Anju Thomas, PA
Anju Thomas, PA
General Surgery · Philadelphia, PA

Honduras Hand Surgery Mission

September 21st

Project Description

This trip involved University of Iowa Hospital and Children's hospital of Philadelphia. 2 hand surgery teams unite in order to spend 5-6 days in Honduras to perform surgeries on children who may not have otherwise had the chance. The team sets up clinic in the city of Siguatepeque for families to be seen for their injuries and/or congenital deformities. Once patients are diagnosed and evaluated, they are set up for surgery within the week. The hand surgeries performed within the week long stay range from simple procedures to complex corrective reconstructions. I will be traveling on this trip to Honduras this fall in September of 2019 with Apurva Shah MD (hand surgeon at CHOP) in order to assist him with these operations.

Population Served

Rural communities in Honduras. Some patients and families travel 9 hours away to see the team and require multiple bus connection or travel by horse in order to be seen. There is no comprehensive pediatric orthopedic care for pediatric injuries or congenital deformities in the area. The hope is to bring this care to a rural community which will lead to a lifetime of impact for 1 child at a time.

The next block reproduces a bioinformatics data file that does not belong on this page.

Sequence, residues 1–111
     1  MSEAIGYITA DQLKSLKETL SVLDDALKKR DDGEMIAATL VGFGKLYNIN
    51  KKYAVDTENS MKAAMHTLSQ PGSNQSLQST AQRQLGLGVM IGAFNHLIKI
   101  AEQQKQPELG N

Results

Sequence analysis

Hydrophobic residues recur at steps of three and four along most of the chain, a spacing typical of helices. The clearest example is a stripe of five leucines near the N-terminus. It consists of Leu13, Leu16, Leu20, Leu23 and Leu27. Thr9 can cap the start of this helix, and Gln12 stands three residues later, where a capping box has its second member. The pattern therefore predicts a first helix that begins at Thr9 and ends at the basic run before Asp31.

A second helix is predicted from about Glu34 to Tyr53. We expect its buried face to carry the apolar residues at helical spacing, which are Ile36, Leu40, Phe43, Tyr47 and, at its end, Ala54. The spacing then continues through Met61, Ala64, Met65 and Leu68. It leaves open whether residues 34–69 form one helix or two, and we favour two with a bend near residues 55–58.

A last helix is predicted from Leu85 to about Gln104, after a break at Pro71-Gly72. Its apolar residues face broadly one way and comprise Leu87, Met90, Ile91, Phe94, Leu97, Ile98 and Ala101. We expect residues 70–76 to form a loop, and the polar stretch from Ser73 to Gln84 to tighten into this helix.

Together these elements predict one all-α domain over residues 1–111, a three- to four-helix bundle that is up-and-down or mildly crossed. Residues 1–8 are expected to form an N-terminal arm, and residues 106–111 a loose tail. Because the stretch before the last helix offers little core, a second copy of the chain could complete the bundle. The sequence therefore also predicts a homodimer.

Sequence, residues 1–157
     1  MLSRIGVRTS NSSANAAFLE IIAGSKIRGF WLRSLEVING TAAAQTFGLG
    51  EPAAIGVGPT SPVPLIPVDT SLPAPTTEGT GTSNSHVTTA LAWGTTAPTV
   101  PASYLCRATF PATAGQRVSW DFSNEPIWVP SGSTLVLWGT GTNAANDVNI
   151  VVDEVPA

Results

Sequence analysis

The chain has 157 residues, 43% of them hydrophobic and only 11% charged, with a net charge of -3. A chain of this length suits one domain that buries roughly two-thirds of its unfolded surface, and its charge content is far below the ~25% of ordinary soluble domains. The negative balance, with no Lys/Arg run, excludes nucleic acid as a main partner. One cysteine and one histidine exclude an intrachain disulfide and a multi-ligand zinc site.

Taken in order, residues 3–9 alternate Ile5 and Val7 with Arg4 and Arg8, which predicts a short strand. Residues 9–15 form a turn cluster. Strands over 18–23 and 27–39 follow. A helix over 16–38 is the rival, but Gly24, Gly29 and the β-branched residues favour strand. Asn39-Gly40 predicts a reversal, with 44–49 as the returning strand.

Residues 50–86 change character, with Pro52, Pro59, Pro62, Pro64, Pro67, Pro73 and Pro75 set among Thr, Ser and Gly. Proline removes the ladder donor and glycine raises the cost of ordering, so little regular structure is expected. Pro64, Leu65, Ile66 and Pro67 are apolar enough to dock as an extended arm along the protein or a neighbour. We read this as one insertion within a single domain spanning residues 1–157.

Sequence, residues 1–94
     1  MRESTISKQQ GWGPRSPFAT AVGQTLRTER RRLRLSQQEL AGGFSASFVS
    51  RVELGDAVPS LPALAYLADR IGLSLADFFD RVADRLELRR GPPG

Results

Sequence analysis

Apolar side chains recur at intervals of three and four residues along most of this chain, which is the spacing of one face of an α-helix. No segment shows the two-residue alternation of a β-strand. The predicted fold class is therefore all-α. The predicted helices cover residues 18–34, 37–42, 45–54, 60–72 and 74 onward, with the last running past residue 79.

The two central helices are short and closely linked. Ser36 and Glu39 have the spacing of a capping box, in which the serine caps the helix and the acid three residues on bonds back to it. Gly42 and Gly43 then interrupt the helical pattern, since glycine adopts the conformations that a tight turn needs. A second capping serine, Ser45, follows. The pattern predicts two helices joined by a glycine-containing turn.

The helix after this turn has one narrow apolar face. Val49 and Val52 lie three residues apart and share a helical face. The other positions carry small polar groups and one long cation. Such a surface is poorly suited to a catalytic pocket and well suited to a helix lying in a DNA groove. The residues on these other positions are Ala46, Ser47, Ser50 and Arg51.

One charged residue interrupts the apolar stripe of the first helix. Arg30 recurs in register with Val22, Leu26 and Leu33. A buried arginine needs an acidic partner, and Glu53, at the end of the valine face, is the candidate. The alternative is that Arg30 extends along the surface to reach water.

Expected Impact

We hope to provide specialized care in order to provide a lifetime of impact on children who may not have otherwise had a chance to receive such care in their lifetime. This trip is multifactorial in the learnings I expect to carry forward. First and foremost it confirms my commitment to providing care for children and communities who need it most. I hope to be able to provide knowledge, expertise and care to a global community. The ability to do so will only enhance my ability to care for the patients I already know and love here in Philadelphia. The privilege to provide care to a rural community will provide me with more knowledge to be able to continue care in either the same community or other communities who need such specialized expertise. I hope to write about this experience to inspire myself and other PAs to pursue global healthcare. Furthermore, I hope that one day I as a physician assistant can use my skills to help organize more mission trips as it is my passion to help those in need.

Trip Photos & Recap

This past week I was able to join a team comprised of members from the Children's Hospital of Philadelphia and the University of Iowa for a pediatric hand surgery mission trip in Siguatepeque, Honduras. This is the team's fifth annual trip, and my first time as part of the team. Over the last 4 years the team has successfully completed 105 operations. This year we screened 58 patients in clinic and operated on 33 children with congenital hand anomalies, brachial plexus injuries, burns, cerebral palsy and traumatic injuries. Patients traveled from over 10 hours away, by boat and even by horse in order to be seen and treated for their injuries.